Two weeks ago I talked about both the production and distribution of Overt Propaganda. I said that the producers of Overt Propaganda are government officials, corporations, advertisers (who work for corporations, and are themselves corporations), and wealthy people (who hire corporations). As far as distributing this Overt Propaganda, I said that this is done by whoever is in the business of distributing ideas--from the media to textbooks to church sermons--and that they may do this propaganda work consciously or unconsciously. But I didn't talk about how any of this is done. Now I will, with a great deal of help from the Father of Public Relations, Edward L. Bernays. (Pretty much all the quotations this week, including the "Quote" of the Week, are from his 1928 book "Propaganda.")
Remember back in Part 1 of this series ("What Is Propaganda?"), I quoted political scientist Harold Lasswell as saying that "Propaganda in the broadest sense is the technique of influencing human action by the manipulation of representations." I think he's got the basic idea right.
In essence, Propaganda has a "positive" and a "negative" form. The positive form is to get people to associate symbols (that is, "representations") of the propagandist (or their cause, or their product, or whatever) with positive emotions. The negative form involves getting people to associate symbols of the enemy (or the competitor, or other products, or whatever) with negative emotions. Pretty simple, right? To understand this in a practical way, we have to understand three basic concepts: EMOTIONS, SYMBOLS, and ASSOCIATIONS.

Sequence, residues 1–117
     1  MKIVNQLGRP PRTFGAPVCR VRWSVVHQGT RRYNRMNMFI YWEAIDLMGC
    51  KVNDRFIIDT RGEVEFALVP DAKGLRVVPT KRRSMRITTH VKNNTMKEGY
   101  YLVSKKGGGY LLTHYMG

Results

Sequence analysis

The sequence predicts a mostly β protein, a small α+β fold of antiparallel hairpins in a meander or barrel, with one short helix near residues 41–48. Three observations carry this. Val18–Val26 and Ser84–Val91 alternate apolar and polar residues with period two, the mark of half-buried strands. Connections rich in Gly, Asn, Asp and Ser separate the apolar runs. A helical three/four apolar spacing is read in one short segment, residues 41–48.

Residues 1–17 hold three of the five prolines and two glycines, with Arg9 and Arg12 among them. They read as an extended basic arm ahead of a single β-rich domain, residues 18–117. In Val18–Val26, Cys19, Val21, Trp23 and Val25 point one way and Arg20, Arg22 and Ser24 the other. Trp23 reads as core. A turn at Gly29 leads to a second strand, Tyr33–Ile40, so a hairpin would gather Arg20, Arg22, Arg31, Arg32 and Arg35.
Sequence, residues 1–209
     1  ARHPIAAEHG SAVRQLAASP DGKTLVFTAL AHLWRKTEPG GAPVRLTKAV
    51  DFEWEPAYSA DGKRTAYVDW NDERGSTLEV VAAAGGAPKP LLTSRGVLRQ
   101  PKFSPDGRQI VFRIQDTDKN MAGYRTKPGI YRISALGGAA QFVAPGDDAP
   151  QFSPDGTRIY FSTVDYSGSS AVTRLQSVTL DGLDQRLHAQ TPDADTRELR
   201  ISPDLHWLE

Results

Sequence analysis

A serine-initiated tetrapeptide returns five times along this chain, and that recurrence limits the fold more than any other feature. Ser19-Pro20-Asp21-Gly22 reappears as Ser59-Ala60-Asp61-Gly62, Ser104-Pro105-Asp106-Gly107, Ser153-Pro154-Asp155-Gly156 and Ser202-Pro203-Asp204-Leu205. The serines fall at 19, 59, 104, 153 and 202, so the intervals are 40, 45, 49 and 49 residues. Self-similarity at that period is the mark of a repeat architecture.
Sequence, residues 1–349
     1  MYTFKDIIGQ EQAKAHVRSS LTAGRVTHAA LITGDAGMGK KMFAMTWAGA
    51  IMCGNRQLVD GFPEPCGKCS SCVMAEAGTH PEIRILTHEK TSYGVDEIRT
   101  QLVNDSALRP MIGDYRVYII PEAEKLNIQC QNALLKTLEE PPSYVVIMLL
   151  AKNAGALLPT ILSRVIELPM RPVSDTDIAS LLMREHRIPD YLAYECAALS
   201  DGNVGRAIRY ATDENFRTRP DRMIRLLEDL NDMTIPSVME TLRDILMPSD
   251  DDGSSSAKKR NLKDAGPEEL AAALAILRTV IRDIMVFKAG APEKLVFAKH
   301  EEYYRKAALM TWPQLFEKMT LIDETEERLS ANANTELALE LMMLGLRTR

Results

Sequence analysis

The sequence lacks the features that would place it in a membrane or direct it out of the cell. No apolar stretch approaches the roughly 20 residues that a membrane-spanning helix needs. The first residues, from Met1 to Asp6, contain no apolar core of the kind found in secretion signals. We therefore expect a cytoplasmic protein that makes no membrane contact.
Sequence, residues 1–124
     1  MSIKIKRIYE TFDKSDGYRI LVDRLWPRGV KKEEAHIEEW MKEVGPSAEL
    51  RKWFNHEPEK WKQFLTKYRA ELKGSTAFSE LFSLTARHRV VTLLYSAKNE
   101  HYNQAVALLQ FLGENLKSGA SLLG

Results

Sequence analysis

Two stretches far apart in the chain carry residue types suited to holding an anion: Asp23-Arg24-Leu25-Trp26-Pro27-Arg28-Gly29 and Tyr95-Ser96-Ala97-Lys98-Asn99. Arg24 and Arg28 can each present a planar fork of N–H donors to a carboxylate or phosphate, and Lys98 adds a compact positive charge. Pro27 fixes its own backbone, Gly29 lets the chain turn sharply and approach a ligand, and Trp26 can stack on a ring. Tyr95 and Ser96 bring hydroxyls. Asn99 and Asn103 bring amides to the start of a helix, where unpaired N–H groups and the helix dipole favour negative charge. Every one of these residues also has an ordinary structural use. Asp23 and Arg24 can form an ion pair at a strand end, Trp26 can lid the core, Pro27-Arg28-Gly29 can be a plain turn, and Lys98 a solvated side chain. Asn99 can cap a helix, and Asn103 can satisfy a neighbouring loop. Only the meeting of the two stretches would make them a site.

The Three Key Concepts of Propaganda
Concept #1: EMOTIONS. Here is Edward Bernays, page 73-74: "[T]he group mind does not think in the strict sense of the word. In place of thoughts it has impulses, habits, and emotions." [Emphasis added by Nygaard]
Propagandists understand that most people make decisions on an emotional level. That is, they feel "good" or "bad" about a candidate, or a product, or a cause, and that FEELING is what makes them donate, or vote, or purchase, or support, one thing rather than another.
Good propagandists never argue on a factual level unless and until they have "set up" their audience by getting them to have an emotional receptiveness to what they are going to say.